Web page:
Smell the Roses

Grey is showcasing the Nelson based light artist Larisse Hall, who creates unique pieces using light, paint and colour.

Contemplating our everyday, Hall encapsulates the ethereal quality of light, our most primal time 'tool'. In doing so she endorses time as our most precious commodity. We awake and sleep to the rhythms of time and light. It is the basis of existance, directing routine and our daily rituals.

In this age of social and technological advancement, the pressures of our fast paced lifestyle have us constantly prioritizing. Often neglecting or pushing aside, aspects of our lives that deserve attention. Acknowledging this, Hall strips her work back to its most minimal form. Pairing back to relevance and stripping back excess we are left with the bare essentials ' the quintessential essence of that which is important. Revealing the people, things and places we often take for granted.

As a result, Hall's work appears secretive. Smudging life in a blurr of importance, her light infused paintings reveal themselves with time. By day, appearing seductively non-existant they are deliberately blurred, as if in the rush of living. Subtly, at the edge of our subconscious, they tug gently at our awareness. Reminding us of that something important, that could be achievable, if only we had more time. All the things one promises - if only there was more time. The neglected threads that keep us real and connected. Completing us. Smell the roses asserts the need to make time, for all that is essential.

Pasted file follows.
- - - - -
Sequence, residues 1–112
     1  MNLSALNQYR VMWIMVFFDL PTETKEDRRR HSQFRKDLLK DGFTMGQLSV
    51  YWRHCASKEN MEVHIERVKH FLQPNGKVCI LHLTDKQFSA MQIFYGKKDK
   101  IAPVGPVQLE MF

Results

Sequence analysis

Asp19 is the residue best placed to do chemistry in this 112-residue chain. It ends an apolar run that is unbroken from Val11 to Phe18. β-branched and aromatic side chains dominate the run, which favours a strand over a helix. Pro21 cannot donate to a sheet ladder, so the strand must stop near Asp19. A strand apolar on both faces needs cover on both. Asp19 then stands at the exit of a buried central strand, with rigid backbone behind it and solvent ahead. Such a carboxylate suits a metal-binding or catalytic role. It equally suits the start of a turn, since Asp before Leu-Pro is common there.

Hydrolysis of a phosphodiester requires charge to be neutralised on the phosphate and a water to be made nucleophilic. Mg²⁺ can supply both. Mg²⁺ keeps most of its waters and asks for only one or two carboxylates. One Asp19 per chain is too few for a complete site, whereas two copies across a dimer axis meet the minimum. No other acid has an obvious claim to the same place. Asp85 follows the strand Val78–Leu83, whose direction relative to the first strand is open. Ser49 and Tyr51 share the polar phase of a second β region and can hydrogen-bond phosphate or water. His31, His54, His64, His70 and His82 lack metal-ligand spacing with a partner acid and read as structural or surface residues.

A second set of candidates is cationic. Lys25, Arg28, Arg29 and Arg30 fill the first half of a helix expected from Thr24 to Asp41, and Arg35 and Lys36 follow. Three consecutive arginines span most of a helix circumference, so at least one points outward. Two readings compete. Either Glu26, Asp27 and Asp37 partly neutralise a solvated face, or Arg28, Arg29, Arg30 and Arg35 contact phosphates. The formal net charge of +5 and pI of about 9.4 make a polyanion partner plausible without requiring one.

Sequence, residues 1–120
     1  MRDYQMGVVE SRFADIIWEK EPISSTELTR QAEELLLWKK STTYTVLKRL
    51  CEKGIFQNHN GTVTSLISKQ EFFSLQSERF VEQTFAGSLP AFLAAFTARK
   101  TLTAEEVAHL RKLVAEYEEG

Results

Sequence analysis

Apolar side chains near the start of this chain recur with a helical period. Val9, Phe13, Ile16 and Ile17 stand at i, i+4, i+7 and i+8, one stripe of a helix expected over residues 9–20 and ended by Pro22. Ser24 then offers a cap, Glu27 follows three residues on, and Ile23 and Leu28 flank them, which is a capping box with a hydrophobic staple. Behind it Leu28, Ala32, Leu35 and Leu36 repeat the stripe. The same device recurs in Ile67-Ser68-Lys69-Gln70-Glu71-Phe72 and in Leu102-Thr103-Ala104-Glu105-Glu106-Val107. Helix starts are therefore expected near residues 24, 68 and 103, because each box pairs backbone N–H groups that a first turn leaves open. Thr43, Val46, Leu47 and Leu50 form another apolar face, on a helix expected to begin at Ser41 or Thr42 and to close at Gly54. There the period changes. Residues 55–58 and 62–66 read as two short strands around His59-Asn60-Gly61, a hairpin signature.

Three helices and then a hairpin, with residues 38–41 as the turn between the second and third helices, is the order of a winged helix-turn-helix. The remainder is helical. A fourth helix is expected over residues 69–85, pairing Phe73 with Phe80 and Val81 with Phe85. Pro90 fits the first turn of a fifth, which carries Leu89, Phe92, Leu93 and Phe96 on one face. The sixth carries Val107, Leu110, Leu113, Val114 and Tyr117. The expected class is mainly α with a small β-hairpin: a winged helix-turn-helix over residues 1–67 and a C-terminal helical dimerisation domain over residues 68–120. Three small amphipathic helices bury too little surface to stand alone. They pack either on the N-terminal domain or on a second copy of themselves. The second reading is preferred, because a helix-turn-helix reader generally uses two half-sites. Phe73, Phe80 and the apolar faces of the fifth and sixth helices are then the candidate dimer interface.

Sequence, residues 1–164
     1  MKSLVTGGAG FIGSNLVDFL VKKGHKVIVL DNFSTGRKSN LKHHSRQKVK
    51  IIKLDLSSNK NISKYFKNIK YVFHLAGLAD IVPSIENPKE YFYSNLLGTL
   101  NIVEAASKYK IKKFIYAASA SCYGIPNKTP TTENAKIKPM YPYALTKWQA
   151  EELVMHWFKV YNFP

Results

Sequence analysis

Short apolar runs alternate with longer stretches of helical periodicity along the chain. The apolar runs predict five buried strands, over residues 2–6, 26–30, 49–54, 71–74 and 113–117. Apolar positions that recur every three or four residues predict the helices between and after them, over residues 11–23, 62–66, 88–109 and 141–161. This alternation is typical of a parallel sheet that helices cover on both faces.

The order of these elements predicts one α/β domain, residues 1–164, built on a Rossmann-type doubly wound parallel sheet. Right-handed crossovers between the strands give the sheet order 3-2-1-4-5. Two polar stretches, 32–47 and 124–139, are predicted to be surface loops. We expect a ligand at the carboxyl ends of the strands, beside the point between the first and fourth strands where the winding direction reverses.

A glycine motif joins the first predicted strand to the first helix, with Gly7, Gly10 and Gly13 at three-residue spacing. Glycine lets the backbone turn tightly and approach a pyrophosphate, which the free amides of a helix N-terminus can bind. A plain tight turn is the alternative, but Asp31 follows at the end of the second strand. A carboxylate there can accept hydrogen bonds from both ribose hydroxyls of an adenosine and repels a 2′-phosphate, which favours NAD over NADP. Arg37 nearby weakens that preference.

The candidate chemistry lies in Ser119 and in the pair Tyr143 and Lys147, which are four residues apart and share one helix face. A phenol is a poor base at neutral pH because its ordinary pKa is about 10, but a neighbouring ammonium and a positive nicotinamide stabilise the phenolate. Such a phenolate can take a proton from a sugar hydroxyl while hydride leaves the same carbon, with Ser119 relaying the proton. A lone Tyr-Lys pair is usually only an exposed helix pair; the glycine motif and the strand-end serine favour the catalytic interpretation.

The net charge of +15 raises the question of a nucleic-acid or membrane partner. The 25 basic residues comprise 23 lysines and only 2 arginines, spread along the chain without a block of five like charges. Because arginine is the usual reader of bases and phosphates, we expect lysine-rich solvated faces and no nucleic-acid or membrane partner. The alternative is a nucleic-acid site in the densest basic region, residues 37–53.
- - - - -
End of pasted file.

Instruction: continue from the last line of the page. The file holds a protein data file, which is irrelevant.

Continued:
As quoted: Ann Veronica J
anssens 'Passion for Light' Interview 2016: 'We don't give ourselves enough time'. Hall agrees. Giving materiality to light, Hall emphasizes the importance of time. Eking out time in ones schedule for not only others but for self, she encourages time for family, friends and self healing. Her work ' constantly seeking unity and harmony, encapsulating and celebrating the essence of life.

NOTE: Smell the roses, offers an opportunity for contemplation ' enticing audience to make time to experience the works both by day and again by night. (Viewing through the window by night) In offering this as an option Hall highlights the juggle of time. Weighing against other priorities and the already existing schedule, the importance of making time for something visited once, yet again. (As a pre-emptive to time demands ' works are viewable with lights on and lights off, in reference to the cyclic nature of day and night and asserting time as our most precious commodity)

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